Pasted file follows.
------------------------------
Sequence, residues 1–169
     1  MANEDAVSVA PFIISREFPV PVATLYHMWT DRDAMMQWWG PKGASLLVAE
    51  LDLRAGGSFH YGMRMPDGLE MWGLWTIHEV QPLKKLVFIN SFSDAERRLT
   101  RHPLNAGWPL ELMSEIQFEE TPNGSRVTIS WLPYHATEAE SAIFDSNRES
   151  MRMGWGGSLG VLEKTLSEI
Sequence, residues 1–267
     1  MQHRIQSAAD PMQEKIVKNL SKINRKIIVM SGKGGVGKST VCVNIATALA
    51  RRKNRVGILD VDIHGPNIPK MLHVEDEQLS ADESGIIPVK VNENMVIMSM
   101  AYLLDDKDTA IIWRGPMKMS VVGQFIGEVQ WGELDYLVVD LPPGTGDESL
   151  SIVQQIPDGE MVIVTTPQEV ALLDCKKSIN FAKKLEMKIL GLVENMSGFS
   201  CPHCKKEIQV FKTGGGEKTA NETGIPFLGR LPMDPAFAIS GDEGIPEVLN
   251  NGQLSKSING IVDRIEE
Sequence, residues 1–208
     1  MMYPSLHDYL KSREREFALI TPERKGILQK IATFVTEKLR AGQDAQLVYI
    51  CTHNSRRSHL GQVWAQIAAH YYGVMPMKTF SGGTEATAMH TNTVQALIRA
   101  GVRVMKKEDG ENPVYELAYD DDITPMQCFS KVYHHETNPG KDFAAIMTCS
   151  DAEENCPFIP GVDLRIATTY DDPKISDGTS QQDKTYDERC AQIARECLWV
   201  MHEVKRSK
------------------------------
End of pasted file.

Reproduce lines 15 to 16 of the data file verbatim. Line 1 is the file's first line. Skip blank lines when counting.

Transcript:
    51  CTHNSRRSHL GQVWAQIAAH YYGVMPMKTF SGGTEATAMH TNTVQALIRA
   101  GVRVMKKEDG ENPVYELAYD DDITPMQCFS KVYHHETNPG KDFAAIMTCS